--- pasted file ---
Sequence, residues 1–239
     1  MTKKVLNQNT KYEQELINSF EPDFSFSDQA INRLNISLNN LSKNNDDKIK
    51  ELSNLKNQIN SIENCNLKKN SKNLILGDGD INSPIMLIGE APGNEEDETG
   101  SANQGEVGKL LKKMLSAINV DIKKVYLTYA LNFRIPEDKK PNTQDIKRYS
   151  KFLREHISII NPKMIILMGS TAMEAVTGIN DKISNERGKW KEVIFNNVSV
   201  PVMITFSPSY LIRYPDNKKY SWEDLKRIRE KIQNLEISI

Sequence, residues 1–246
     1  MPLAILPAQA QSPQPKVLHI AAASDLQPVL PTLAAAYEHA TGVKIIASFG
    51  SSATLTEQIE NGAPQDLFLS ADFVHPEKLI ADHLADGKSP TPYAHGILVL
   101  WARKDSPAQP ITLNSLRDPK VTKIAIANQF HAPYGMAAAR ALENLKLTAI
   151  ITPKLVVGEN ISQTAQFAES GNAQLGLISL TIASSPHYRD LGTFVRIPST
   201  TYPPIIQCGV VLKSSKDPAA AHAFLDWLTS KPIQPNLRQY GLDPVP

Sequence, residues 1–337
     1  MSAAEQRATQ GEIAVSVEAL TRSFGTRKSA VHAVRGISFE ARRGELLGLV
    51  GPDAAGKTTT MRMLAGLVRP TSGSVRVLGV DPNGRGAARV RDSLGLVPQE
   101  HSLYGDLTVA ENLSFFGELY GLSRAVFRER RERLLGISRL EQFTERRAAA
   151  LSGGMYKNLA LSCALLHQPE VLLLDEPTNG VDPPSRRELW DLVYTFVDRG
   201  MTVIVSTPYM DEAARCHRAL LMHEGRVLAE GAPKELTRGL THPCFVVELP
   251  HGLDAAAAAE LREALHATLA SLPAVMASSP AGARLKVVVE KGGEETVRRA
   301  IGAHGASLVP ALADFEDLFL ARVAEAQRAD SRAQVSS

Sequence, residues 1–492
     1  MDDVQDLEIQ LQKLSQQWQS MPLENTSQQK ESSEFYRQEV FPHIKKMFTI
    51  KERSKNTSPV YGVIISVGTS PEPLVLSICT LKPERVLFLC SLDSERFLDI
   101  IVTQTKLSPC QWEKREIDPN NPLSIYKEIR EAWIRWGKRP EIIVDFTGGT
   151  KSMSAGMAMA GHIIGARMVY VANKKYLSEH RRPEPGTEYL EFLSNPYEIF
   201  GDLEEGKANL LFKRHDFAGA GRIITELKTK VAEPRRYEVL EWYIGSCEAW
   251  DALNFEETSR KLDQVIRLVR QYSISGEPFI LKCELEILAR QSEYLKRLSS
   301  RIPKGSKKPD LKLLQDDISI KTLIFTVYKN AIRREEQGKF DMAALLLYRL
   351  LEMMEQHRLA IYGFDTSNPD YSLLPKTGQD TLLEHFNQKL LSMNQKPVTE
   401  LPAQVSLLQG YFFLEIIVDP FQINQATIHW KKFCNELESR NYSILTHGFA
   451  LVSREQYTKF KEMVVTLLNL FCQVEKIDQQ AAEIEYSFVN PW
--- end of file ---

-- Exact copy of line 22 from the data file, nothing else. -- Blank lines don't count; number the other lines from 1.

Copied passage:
     1  MDDVQDLEIQ LQKLSQQWQS MPLENTSQQK ESSEFYRQEV FPHIKKMFTI